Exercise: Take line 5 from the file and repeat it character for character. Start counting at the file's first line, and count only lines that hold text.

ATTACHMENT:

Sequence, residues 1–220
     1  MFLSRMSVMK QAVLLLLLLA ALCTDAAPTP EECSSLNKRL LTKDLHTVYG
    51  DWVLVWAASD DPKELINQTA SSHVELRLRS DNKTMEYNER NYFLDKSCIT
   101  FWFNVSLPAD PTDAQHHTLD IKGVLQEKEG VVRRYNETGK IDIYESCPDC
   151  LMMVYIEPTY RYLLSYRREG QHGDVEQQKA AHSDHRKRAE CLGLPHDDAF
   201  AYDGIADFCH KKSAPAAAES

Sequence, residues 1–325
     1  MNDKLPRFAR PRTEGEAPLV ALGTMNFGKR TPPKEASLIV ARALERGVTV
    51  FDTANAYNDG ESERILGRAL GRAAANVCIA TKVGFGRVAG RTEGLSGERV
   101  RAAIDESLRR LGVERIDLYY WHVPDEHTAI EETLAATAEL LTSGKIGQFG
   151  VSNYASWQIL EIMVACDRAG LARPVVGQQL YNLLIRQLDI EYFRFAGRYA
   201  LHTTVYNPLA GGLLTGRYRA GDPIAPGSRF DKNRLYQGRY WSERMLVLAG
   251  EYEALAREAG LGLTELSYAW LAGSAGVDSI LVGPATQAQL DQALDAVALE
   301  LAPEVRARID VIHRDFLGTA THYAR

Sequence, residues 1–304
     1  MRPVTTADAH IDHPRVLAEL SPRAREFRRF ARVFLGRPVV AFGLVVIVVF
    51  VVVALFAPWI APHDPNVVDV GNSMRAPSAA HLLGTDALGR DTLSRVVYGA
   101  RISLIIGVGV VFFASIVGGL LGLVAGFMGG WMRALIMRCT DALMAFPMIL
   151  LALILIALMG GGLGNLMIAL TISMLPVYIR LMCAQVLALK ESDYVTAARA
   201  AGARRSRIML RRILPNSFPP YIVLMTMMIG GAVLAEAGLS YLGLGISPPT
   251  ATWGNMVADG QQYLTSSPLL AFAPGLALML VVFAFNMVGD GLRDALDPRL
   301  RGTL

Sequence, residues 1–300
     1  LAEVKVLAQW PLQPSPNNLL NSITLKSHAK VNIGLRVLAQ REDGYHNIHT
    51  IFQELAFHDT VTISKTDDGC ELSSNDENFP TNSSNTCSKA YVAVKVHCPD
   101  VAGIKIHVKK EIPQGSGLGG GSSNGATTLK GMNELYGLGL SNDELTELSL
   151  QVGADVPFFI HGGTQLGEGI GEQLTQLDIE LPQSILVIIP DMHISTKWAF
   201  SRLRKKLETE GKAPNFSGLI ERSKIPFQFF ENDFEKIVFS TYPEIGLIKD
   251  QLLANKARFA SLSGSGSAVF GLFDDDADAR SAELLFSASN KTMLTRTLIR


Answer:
   151  LMMVYIEPTY RYLLSYRREG QHGDVEQQKA AHSDHRKRAE CLGLPHDDAF